We are happy to announce the streaming of our second movie as part of the Schubot Cinema Series. Come relax and watch a bird film with us! We’ll pause it every now and then to talk about the science. The event is open to any Schubot member or non-member, friends, or family.
Where: Avian Health Complex (Schubot Aviary) classroom, Building 0165. Free parking/no permit needed. New members- take a quick tour and get your free shirt or hat!
When: Tuesday, January 24, 4 pm. Movie starts at 4:15.
Why: To build community and learn together! Enjoy some popcorn, pop, treats.
The movie: The Indonesian Parrot Project (2019) ~30 minutes long.
The film’s scientific editor and producer, Dr. George Olah, will be with us sharing his experiences producing the film.
We hope you can join us!
The Indonesian Parrot Project (IPP) has been conducting important conservation work to save parrots and cockatoos from extinction in Indonesia. The film shows the history and current work of IPP, the challenges of parrot conservation in Indonesia, and the importance of protecting parrots as flagship species. We zig-zag around the Indonesian archipelago following local researchers to show their work in action. We travel to the remote island of Masakambing to see the collaboration with local people looking after the last remaining population of the Abbotti cockatoo, to the Moluccas to observe the parrot rehabilitation and release center of IPP, and to the Komodo island to reveal how the famous dragons contribute to the conservation of a critically endangered cockatoo species. In the documentary we examine all aspects of parrot conservation including the roles and responsibilities of conservationists, decision makers, local communities and eco-tourists, demonstrating that success can be achieved only by well-organized cooperation among them.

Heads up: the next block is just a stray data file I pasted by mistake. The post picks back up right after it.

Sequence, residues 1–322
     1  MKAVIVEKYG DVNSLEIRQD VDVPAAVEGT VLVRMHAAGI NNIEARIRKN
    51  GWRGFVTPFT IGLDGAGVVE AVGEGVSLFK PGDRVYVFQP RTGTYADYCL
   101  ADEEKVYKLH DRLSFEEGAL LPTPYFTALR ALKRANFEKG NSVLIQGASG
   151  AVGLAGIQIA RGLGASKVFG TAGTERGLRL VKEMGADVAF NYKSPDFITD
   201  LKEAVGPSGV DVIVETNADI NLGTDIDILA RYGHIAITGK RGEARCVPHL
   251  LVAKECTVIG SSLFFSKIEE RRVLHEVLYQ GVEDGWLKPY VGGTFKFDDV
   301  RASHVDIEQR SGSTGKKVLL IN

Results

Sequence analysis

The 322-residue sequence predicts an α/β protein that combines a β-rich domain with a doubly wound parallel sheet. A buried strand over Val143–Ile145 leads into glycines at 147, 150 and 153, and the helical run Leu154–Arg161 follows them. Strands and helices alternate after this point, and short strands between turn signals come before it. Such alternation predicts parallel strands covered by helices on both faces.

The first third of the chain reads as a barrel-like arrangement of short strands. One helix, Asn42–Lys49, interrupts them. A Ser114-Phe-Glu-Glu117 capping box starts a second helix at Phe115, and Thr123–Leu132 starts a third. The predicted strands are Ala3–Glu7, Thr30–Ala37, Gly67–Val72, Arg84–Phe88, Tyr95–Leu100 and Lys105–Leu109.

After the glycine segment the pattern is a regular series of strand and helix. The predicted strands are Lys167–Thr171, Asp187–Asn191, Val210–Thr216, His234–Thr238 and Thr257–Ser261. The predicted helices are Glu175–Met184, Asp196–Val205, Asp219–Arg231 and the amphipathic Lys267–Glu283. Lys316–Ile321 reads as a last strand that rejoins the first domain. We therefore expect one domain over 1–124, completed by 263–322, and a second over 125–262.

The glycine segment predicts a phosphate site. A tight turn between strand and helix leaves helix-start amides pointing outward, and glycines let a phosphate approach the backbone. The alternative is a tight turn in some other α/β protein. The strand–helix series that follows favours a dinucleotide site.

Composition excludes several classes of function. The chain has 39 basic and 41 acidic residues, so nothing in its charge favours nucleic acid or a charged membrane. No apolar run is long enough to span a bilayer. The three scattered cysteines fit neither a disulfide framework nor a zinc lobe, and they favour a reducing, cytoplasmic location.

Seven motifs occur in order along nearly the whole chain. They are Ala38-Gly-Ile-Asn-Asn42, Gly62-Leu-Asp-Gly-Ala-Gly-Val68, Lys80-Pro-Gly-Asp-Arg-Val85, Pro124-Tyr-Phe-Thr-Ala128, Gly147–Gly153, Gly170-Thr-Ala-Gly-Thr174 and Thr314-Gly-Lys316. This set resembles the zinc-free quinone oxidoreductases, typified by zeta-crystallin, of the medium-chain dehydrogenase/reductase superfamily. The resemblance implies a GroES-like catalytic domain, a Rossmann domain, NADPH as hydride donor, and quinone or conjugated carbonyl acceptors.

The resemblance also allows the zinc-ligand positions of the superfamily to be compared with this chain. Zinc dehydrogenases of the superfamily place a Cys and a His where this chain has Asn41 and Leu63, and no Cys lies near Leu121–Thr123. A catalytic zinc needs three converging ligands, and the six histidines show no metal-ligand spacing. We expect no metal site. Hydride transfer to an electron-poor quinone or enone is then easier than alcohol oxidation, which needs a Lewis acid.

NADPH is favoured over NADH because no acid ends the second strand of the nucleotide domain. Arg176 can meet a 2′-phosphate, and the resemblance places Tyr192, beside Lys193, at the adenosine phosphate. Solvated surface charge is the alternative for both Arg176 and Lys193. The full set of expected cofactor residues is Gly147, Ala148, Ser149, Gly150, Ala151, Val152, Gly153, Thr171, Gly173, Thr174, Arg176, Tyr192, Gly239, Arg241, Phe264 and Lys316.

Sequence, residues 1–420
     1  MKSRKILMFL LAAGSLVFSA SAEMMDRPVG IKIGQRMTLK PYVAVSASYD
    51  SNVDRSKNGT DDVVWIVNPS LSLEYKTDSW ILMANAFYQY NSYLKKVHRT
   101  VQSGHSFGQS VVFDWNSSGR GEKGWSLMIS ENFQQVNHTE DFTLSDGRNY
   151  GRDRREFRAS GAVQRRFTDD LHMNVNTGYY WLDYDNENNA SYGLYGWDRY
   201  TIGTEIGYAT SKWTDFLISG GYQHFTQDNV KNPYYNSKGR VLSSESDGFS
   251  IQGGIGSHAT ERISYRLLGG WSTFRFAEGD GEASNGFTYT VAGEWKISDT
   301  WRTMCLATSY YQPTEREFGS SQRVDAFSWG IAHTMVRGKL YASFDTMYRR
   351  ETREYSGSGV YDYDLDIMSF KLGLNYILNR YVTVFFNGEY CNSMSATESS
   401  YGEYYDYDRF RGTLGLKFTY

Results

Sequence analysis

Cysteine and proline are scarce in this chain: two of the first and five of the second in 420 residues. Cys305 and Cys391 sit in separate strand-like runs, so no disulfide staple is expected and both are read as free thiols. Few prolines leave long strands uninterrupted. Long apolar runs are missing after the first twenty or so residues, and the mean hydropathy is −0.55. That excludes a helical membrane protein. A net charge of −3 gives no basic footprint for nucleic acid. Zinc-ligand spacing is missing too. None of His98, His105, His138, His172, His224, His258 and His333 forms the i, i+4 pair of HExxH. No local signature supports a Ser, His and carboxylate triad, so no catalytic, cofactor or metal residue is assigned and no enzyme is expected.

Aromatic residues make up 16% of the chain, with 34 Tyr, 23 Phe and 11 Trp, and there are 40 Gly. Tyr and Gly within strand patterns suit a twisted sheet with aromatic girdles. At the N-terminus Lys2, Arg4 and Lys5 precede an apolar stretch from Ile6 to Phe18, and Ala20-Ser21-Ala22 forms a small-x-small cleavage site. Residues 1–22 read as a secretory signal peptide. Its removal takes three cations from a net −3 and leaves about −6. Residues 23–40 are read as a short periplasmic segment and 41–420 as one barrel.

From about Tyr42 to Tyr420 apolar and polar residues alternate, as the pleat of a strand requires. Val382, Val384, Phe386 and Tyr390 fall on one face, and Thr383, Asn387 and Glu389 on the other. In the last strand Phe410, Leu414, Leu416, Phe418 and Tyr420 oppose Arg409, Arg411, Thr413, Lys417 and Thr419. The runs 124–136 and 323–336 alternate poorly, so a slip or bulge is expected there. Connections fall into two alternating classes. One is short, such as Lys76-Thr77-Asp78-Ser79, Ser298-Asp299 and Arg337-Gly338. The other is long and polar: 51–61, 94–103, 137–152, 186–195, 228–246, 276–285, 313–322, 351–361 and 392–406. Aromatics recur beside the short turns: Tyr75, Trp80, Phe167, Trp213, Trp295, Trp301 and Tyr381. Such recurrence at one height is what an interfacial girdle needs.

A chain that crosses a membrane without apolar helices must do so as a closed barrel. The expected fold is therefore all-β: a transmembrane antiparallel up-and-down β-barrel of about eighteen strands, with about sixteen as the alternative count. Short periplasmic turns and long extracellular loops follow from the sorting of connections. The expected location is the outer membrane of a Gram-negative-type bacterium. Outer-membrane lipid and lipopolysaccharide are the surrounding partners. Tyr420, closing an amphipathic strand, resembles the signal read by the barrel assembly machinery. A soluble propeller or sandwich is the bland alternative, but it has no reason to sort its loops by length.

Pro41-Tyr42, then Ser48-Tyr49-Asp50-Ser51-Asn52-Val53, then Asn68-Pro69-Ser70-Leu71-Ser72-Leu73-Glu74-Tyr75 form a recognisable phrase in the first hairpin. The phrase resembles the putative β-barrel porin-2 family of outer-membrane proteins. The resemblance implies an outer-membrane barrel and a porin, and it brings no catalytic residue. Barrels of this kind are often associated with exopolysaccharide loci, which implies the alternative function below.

Dr. George Olah Bio
Dr Olah is a scientist and conservation geneticist, mainly working on parrots and other birds. He acquired his Master of Science degree in Zoology at the University of Veterinary Medicine in 2006 in Hungary. After his degree, he participated in many field-based research projects on parrots in Central and South America including Argentina, Mexico, Peru, and Bolivia. He worked for the Tambopata Macaw Project in the Peruvian Amazon for several years, and also in the eco-tourism industry in Peru. When he realized that the human impacts on the habitat of parrot and macaw species were accelerating, he decided to undertake a PhD in conservation biology to enable a scientifically based evaluation of conservation management in the area. He completed his degree at The Australian National University in 2016, where subsequently he engaged in research on endangered parrots as Postdoctoral Fellow. Currently, he is working for the Natural History Unit of the BBC Studios, he is a director of the nonprofit organization Wildlife Messengers, and holds a position as Visiting Senior Research Fellow at King’s Forensics, King’s College London.